The Class of 1959 Chapel
|The Class of 1959 Chapel|
|Address||70 N Harvard St|
Boston, MA 02163
|Town or city||Boston, Massachusetts|
|Owner||Harvard Business School|
|Height||8.2 m (26 ft 11 in)|
|Design and construction|
|Structural engineer||Weidlinger Associates|
|Main contractor||Richard White Sons, Inc.|
The Class of 1959 Chapel is a non-denominational chapel located on the campus of Harvard Business School in Boston, Massachusetts. It was designed by Moshe Safdie in 1992, as part of a master plan to complement the existing 1927 campus architecture by McKim, Mead and White that would allow for Business School to expand along the Charles River. It was funded by a gift from alumni from the Class of 1959. It was engineered by Weidlinger Associates and built by Richard White Sons, Inc. for a cost of approximately $2.5 million.
The chapel consists of an 8.2 m (26 ft 11 in) concrete cylinder surfaced with a layer of patinaed bronze. On one side of the cylinder is a pyramidal glass greenhouse that houses a below-ground koi pond decorated with live plants, a small waterfall, and concrete blocks that serve as stepping stones.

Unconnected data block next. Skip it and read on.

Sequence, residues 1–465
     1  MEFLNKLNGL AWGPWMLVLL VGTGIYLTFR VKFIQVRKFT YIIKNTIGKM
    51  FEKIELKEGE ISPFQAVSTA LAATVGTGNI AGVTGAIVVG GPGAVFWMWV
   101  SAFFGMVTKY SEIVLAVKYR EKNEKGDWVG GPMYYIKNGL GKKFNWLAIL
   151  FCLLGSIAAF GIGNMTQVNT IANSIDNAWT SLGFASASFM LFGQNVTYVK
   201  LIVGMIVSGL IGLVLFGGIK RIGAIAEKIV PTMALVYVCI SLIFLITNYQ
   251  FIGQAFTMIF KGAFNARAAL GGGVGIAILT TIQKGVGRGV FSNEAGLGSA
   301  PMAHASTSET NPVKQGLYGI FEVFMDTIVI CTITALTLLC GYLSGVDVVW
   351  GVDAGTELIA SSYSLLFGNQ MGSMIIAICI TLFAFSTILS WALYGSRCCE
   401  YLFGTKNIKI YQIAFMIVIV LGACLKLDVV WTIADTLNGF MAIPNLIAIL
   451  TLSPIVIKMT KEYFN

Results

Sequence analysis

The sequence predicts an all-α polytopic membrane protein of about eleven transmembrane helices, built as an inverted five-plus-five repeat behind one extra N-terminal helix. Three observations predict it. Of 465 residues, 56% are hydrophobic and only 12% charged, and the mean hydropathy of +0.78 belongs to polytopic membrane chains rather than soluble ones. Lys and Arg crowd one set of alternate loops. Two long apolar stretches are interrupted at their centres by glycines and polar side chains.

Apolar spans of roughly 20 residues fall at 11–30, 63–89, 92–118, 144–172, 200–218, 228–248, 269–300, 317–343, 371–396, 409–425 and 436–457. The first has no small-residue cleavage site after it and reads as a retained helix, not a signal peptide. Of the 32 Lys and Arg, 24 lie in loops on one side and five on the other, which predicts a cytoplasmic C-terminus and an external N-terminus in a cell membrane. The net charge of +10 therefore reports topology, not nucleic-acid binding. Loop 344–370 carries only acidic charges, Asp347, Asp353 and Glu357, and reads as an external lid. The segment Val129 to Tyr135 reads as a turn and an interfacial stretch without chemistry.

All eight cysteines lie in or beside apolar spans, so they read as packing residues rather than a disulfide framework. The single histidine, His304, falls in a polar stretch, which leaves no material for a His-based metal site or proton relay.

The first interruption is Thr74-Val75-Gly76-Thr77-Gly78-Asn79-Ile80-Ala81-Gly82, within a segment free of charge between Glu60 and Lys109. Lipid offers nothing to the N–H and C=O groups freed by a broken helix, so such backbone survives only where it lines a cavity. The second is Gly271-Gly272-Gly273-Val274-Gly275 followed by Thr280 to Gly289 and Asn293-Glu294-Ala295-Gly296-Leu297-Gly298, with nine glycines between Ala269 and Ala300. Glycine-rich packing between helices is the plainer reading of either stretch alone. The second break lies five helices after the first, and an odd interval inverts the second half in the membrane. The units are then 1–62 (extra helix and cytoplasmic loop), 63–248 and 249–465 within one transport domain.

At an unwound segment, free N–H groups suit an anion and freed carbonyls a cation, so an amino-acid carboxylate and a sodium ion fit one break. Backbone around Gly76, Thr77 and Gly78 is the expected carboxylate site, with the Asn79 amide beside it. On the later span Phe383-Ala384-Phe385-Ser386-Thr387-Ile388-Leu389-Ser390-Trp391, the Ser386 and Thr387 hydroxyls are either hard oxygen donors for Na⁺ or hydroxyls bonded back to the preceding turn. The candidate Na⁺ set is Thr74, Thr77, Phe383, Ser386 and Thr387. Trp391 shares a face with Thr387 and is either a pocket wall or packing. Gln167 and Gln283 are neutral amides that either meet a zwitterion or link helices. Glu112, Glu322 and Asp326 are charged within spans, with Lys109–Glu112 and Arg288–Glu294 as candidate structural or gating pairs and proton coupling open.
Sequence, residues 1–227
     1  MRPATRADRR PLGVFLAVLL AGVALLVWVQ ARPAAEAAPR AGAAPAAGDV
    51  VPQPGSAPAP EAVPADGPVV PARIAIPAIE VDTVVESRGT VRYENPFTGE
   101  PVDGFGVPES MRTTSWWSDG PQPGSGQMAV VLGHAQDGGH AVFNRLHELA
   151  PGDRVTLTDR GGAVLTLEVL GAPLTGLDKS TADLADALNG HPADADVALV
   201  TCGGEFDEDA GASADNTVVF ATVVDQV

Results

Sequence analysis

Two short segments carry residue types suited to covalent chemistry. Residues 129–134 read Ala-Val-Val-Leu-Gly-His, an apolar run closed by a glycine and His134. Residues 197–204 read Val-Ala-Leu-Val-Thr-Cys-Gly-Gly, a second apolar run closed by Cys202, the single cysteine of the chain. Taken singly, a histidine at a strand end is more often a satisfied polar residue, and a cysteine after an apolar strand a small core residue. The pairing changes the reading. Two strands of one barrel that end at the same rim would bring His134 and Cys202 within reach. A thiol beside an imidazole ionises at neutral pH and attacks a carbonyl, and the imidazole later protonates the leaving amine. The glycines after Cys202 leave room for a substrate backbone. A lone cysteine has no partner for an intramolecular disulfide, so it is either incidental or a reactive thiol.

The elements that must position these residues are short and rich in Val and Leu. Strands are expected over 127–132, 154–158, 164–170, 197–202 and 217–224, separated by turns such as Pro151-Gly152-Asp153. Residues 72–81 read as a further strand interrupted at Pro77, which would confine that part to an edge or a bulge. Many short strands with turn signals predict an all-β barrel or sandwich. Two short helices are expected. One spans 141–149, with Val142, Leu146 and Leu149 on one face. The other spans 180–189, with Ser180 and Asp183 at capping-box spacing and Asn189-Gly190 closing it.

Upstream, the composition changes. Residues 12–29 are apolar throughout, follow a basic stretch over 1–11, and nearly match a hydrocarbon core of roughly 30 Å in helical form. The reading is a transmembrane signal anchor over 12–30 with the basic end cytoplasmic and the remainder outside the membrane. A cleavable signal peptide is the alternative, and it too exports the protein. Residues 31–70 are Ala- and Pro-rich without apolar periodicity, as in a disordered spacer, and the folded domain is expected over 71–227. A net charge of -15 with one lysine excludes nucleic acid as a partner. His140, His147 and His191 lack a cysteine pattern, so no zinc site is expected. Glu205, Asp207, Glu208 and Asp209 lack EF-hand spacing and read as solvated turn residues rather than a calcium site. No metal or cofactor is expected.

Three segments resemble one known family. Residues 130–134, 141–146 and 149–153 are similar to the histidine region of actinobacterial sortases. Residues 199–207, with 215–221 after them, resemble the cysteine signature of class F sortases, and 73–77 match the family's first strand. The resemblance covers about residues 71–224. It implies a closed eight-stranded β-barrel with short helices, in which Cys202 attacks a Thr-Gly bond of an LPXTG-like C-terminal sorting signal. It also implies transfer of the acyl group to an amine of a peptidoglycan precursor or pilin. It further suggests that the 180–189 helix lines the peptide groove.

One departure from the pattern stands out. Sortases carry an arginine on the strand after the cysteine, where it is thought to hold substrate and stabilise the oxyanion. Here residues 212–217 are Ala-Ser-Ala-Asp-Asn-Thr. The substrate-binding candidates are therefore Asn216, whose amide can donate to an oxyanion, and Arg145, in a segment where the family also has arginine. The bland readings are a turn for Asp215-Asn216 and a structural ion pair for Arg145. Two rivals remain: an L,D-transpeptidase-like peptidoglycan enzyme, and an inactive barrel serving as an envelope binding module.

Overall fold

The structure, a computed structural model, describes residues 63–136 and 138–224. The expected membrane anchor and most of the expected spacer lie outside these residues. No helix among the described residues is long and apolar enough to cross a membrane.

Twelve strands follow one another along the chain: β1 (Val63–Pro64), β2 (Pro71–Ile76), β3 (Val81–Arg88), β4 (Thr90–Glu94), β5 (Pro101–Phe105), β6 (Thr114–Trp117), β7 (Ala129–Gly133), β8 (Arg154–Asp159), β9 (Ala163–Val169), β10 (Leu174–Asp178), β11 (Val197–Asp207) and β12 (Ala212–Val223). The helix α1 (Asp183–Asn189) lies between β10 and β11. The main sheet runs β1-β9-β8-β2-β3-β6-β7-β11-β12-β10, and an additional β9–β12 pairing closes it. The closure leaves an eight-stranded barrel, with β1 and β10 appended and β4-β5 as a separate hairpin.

Outside the chapel is a rectangular marble tower containing a two-story steel pole and a large bronze ball. The tower is a functioning clock; as the ball moves up and down the pole, lines on the tower indicate the time of day. The timepiece was designed by Karl Schlamminger.
The chapel itself occupies nearly all of the ground floor of the building and is accessed through a tall metal door from the greenhouse. The interior is a two-story stone cylinder with several semi-circular concrete constructions scalloping the walls. At the top of the cylinder are thin windows with several long prisms designed by the artist Charles Ross that create raking light and occasionally rainbows across the austere concrete interior.
The furnishings are simple and consist primarily of rows of wooden chairs, which seat approximately 100 people, a spare concrete altar, a piano, and a harpsichord. The acoustics of the chapel are very crisp for a room made almost entirely of concrete. The chapel is used by the Harvard Business School community for non-denominational services, private celebrations, and concerts.